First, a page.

Friday, 27 April 2007

Chess Tales biased?

I've received some correspondence recently suggesting that Chess Tales is biased, that we lean to the left, or as they put it: we are all about 'b****y' d4 openings.

So, embracing the 21st paradigms of Open Innovation and Crowdsourcing, it would be great to hear from the Chess Tales readers:

Which chess openings would you like to see reviewed (strategic ideas, interesting lines, and famous games)?


rd said...

Truthfully, I didn't notice. Great blog - keep up the great work...Rich

Ryan Emmett said...

It would be nice to see some Scotch opening theory reviewed. I have played the Scotch for a long time, but I'm starting to lose faith in it.

In the Mieses variation, I can never seem to hold the space advantage long enough to catch up in development.

yemon said...

Personally I'm more than happy to see all the d4 stuff, but since you ask: how about the gambit Scandinavian lines? Despite almost religiously meeting 2 ed with ...Nf6 I never got much practical experience of lines where White decides to hang onto the extra pawn (apart from an interesting game against Geoff Loxham a year or two back).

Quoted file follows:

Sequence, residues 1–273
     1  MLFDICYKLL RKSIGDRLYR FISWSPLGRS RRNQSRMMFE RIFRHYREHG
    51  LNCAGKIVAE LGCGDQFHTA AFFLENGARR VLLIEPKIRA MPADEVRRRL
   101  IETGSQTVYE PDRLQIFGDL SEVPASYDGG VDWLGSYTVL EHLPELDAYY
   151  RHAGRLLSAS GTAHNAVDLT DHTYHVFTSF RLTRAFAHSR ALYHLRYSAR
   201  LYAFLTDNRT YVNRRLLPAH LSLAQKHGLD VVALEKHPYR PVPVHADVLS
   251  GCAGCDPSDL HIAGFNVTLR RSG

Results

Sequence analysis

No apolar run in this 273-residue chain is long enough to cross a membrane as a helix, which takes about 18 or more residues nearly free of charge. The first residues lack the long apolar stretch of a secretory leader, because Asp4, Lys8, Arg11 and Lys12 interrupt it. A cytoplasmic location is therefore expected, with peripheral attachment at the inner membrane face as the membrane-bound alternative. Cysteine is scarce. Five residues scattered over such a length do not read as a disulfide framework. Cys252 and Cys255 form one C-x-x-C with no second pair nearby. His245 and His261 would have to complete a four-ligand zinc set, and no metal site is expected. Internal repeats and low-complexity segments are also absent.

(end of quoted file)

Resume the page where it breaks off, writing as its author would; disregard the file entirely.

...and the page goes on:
For those of us who tend to make things up as we go along (ahem) it would be nice to have some general strategic pointers (rather than intricate move-order-dependent variations).

The non-gambit lines seem to turn into Caro-Kann-like positions, is this more than a superficial resemblance?

Roger Coathup said...

Hi Yemon,

yes the focus will definitely be on strategic principles and illustrated with some key games.

It's amazing how many openings can transpose: the Caro Kan seems to feature in a lot of them (even from Queen's pawn openings). It's particularly interesting when the same position arises, but with the other player to move.

Roger Coathup said...

Ok, Scotch and Scandanavian so far; Keep your suggestions coming.

The Scotch had something of a resurgence in the 90's, so sourcing a good high level game to present should be easy. The Scandanavian may prove trickier.


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Chess Tales by Roger Coathup: A collection of online articles about chess and chess players.